The situations used by Banerjee and Bloom were designed to appeal to children, and as a result they were not very good tests of adult beliefs about intention or fate. But several other studies show that when events are considered unusual or personally significant, adults also see meaning, fate, or intention. Furthermore, although religious people are more likely to see destiny in important events (i.e., the hand of God), many atheists also see intention in the world.

For example, in a study of students who were either European Canadians or East Asian Canadians, Ara Norenzayan and Albert Lee asked participants to read scenarios of very unlikely events and then describe how much each event could be attributed to fate or destiny. Norenzayan and Lee examined two demographic factors, both of which affected people’s judgments of fate: religion (Christian vs. nonreligious) and culture (European Canadian vs. Asian Canadian). As expected, Christians were more likely than nonreligious participants to point to fate as a cause, but Asian Canadians—regardless of whether they were religious or nonreligious—also were more likely to cite destiny as a cause (Norenzayan and Lee 2010).

The study by Norenzayan and Lee revealed two distinct forms people’s notions of fate can take. The first is the traditional one: God, a deity who acts as an agent controlling events on Earth. The second was simply a belief that—without reference to an external agent—the universe is interconnected and aimed at certain outcomes. In fact, the cultural difference in the interconnectedness form of destiny—most often seen in Asian Canadians—was a more powerful factor than religion.

Norenzayan and Lee also showed how the interconnected universe concept could be induced by suggestion. In a separate experiment, European Canadians who were primed by reading a short essay about the “butterfly effect” later gave more fatalistic explanations for unlikely events.

In a 2014 study, Banerjee and Bloom made things even more real by asking participants to think about an actual important life event they had experienced. In this case, 53 percent of God-believing participants and 24 percent of nonbelievers attributed their personal event to fate. Even among people who were described as “ardent atheists,” 21 percent saw some form of fate involved in their lives (Banerjee and Bloom 2014, Study 2).

In a similar investigation, Bethany Heywood and Jesse Bering found that—consistent with previous research—theists were more likely to explain difficult life experiences by reference to some external intention (e.g., “God’s plan”). But fully half of the thirty-four atheists in the study also gave at least one answer that implied a purpose to the events (e.g., “it was meant to be”; Heywood and Bering 2014).

Why All This Fate?

So, children exhibit “promiscuous teleology,” and even ardent atheists often see destiny in the things that happen. Despite the fact that—if I have not already made this point, perhaps now is the time to say—ideas of fate are supernatural or paranormal. Our scientific understanding of the origins of the universe, of species, and of human behavior do not make room for fate or destiny. These concepts would require some entity or designer standing apart from the natural world and yet controlling it. This is not a scientific idea, but it is one many people still believe—from a very young age.


This is where things get murky. Several researchers in this field hoped to get to the bottom of why this fatalistic view is so common, but their answers have been all rather speculative. Deborah Kelemen’s observations of promiscuous teleology have led her to conclude that young children are “intuitive theists” who see design in the natural world—a characteristic that poses a challenge for science education, which should be aimed at creating a natural understanding of the world, free of designers and gods (Kelemen 2004). But Kelemen is careful not to speculate on whether children’s tendency to see purpose in the world is due to nature or nurture.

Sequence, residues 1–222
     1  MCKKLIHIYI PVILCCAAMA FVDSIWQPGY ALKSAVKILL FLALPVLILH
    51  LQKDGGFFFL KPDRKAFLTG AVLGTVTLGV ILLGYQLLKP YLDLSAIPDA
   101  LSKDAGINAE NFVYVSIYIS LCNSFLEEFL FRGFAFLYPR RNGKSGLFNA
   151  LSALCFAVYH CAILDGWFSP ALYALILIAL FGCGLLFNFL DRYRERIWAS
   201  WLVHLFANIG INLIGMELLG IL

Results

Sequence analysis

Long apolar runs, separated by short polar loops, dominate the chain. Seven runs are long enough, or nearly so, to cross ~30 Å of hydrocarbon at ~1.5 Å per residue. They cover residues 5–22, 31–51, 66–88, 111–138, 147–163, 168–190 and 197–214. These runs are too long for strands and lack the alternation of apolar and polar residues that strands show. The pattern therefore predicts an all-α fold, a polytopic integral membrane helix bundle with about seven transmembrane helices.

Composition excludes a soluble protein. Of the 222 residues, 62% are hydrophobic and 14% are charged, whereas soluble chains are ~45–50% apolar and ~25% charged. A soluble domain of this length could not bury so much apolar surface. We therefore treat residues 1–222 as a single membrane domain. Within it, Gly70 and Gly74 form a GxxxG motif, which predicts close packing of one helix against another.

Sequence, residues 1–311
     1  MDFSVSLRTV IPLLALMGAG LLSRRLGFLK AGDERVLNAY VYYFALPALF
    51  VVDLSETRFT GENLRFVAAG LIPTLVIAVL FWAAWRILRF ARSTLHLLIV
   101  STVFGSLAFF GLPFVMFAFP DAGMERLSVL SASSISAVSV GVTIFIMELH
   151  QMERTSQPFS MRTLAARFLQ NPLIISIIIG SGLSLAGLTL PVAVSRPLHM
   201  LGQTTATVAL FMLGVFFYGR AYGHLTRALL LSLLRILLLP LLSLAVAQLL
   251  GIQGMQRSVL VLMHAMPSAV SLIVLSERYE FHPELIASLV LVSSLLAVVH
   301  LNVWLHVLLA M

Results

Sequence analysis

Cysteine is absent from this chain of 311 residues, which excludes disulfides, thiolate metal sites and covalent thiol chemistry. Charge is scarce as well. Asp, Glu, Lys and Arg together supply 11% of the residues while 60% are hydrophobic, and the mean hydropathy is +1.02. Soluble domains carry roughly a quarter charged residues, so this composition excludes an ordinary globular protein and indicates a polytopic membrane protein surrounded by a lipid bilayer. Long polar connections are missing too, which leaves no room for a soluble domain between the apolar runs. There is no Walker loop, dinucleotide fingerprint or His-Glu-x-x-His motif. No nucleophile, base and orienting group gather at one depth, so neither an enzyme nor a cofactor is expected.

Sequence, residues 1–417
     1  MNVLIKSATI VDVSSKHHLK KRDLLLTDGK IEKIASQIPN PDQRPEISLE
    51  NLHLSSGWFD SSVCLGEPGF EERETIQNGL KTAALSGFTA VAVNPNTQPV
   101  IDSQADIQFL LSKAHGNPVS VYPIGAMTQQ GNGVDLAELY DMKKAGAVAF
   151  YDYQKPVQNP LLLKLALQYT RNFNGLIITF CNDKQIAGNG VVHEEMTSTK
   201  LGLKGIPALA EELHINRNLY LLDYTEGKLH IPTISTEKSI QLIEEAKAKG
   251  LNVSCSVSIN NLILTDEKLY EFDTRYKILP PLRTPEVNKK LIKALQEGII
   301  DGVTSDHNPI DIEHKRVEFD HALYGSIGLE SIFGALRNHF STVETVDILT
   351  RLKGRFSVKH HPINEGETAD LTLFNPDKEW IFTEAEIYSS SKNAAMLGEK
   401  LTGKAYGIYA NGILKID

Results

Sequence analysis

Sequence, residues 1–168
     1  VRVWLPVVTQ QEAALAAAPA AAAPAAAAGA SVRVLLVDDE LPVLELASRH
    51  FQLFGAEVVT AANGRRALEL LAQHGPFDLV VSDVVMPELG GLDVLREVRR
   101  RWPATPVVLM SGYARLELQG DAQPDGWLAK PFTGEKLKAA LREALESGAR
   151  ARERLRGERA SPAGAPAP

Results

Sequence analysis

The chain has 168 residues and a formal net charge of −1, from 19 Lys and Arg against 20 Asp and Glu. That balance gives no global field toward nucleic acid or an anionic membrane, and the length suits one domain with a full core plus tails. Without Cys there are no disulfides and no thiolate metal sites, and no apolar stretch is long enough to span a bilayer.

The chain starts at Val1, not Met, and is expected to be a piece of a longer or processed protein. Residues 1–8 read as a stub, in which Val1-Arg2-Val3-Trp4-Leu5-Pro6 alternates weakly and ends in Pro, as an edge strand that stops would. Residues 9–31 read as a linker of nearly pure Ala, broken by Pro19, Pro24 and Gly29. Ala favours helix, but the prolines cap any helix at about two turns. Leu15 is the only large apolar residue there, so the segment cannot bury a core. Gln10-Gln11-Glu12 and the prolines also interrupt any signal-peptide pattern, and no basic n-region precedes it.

In contrast, in his (very interesting and entertaining) book The Belief Instinct, evolutionary psychologist Jesse Bering (2012) argues that our tendency to see design is an “adaptive illusion” that stems from the uniquely human ability to create a “theory of mind,” hypotheses about other people’s thoughts and motives. So Bering comes down on the side of nature, suggesting that our intuitive theism is a built-in product of natural selection.

Teasing apart nature and nurture is always a difficult task. Even the five-year-old children in Banerjee and Bloom’s studies have been in the world for five years, listening to adults yammering on, day in and day out. There must be some socializing effect of all that talk.

A recent cautionary tale shows just how careful we must be when making assumptions about nature vs. nurture. For years, psychology professors have been teaching their students about a classic 1977 study by Andrew Meltzoff and M. Keith Moore, which purported to show that newborn babies were capable of imitating facial expressions, a strong indication of an inherited ability (Meltzoff and Moore 1977).

Meltzoff and Moore’s research always seemed a bit too good to be true, and now a new, more rigorous study in Current Biology shows the original results were probably wrong (Oostenbroek et al. 2016). A report on the new study in Research Digest puts it this way: “Based on their results, the researchers said that the idea of ‘innate imitation modules’” and other such concepts founded on the ideal of neonatal imitation “should be modified or abandoned altogether” (Jarrett 2016).

Human behavior is always a mixture of nature and nurture, and determining the proportions of each is rarely easy. So when it comes to our tendency to see purpose, destiny, or fate in the universe, we must be cautious in our interpretations. The study of European and Asian Canadians, for example, suggests that culture affects the type of fate that people see in the world—God versus an interconnected universe—but as yet, we have less information about how culture and socialization affect our basic tendency to see fate. At the very least we can say that for whatever reason, many young children see a design in the objects and events in the world—a design that goes far beyond science. Whether our intuitive theism is a side effect of a built-in human adaptive advantage, as Bering suggests, or is learned through socialization, this tendency to see the hand of fate represents an important obstacle to achieving a clearer, more scientific understanding of the world.


Stuart Vyse

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Stuart Vyse is a psychologist and author of Believing in Magic: The Psychology of Superstition, which won the William James Book Award of the American Psychological Association. He is also author of Going Broke: Why American’s Can’t Hold on to Their Money. As an expert on irrational behavior, he is frequently quoted in the press and has made appearances on CNN International, the PBS NewsHour, and NPR’s Science Friday. He can be found on Twitter at @stuartvyse.